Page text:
6. The method of claim 5, wherein the nth order equation is a first order equation.

7. The method of claim 1, wherein calculating the final carbox ratio for an exhaled breath comprises fitting a first nth order equation to a series of measured carbon dioxide concentrations in each of a series of exhaled breaths, fitting a second nth order equation to a series of measured oxygen concentrations in each of the series of exhaled breaths, selecting a fitted value for carbon dioxide and a fitted value for oxygen corresponding to the pre-determined volume of exhaled breath, and dividing the fitted value for carbon dioxide by the fitted value for oxygen to yield a derived final carbox ratio for each exhaled breath, wherein n for the first equation is equal to or greater than 1, and n for the second equation is equal to or greater than 1.

8. The method of claim 7, wherein the first nth order equation and the second nth order equation are both first order equations.

Description:

RELATED APPLICATIONS

The present application is a continuation-in-part of U.S. patent application Ser. No. 12/423,352 entitled Devices, Systems And Methods for Aiding In The Detection Of A Physiological Abnormality, filed on Apr. 14, 2009. The present application also claims priority to U.S. Provisional Application No. 61/225,075 filed on Jul. 13, 2009, the entire contents of which are incorporated herein by reference.

BACKGROUND OF THE INVENTION

1. Field of the Invention

The present invention relates generally to the field of medical devices and diagnostics, and more specifically to the field of non-invasive devices, systems and methods for aiding in the detection of a physiological abnormality identifiable through analysis of contents of a quantity of breathed air.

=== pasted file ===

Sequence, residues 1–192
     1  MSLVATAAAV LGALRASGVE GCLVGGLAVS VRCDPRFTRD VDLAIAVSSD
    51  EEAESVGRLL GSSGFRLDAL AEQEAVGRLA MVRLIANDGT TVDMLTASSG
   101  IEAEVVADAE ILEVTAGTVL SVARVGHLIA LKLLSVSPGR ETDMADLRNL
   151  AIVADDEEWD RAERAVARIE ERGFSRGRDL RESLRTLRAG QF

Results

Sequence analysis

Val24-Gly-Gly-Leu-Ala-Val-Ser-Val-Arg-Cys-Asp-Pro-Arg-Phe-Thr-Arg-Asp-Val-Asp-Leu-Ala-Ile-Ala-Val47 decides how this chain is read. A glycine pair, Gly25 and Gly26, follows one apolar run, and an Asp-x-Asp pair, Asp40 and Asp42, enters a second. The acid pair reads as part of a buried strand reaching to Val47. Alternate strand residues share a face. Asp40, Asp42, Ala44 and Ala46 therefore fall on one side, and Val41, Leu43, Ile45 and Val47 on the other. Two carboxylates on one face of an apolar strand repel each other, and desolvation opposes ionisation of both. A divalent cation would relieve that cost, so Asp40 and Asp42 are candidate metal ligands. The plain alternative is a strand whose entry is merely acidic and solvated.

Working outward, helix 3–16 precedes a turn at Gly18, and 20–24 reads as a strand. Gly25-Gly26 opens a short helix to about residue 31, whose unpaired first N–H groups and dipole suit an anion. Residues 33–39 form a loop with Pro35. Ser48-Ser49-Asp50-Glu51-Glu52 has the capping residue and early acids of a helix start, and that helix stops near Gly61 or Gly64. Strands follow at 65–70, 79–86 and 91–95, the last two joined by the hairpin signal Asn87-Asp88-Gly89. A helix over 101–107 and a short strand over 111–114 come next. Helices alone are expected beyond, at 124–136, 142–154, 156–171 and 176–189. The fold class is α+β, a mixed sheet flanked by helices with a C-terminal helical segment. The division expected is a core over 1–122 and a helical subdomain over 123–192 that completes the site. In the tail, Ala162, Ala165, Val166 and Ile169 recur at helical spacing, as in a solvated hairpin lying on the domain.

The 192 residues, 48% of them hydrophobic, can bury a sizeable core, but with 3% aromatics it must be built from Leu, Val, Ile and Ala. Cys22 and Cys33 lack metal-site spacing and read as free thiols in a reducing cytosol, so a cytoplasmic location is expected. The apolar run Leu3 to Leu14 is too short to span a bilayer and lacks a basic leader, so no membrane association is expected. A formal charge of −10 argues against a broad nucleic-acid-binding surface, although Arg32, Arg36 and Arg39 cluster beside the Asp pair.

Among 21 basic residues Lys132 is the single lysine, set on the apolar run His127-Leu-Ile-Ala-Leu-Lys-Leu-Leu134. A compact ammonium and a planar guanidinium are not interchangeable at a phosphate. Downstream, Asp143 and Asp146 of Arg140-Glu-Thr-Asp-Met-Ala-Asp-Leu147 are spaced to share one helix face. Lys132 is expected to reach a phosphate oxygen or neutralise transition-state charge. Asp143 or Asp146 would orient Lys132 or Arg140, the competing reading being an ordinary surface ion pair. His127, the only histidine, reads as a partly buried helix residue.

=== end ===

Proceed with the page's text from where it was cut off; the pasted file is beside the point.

2. History of the Related Art

Contents and airflow characteristics of breathed air vary with physical condition. Different physical abnormalities manifest certain detectable and measurable variations in those contents. One example of a physiological abnormality identifiable through analysis of measured contents and flow characteristics of a quantity of breathed air is a pulmonary embolism. A pulmonary embolism occurs when an embolus becomes lodged in a lung artery, thus blocking blood flow to lung tissue. An embolus is usually a blood clot, known as a thrombus, but may also comprise fat, amniotic fluid, bone marrow, tumor fragments, or even air bubbles that block a blood vessel. Unless treated promptly, a pulmonary embolism may be fatal.

Like many physiological abnormalities, a pulmonary embolism may be difficult to detect because signs and symptoms may vary depending on the severity of the occurrence. For instance, a pulmonary embolism may be confused with a heart attack, pneumonia, hyperventilation, congestive heart failure or a panic attack. In other cases, no symptoms manifest at all.

A physician will sometimes first eliminate the occurrence of other diseases or dysfunctions before determining a true cause of the physiological abnormality. In the example of a pulmonary embolism, traditional diagnostic methods of testing involve blood tests, chest X-rays, and electrocardiograms. These methods typically may be more effective in ruling out other possible problems than in actually diagnosing a pulmonary embolism. For example, a chest x-ray may reveal subtle changes in the blood vessel patterns after an embolism and signs of pulmonary infarction. However, chest x-rays may show normal lungs even when an embolism is present. Similarly, an electrocardiogram may show abnormalities that are useful mainly in establishing the possibility of a pulmonary embolism.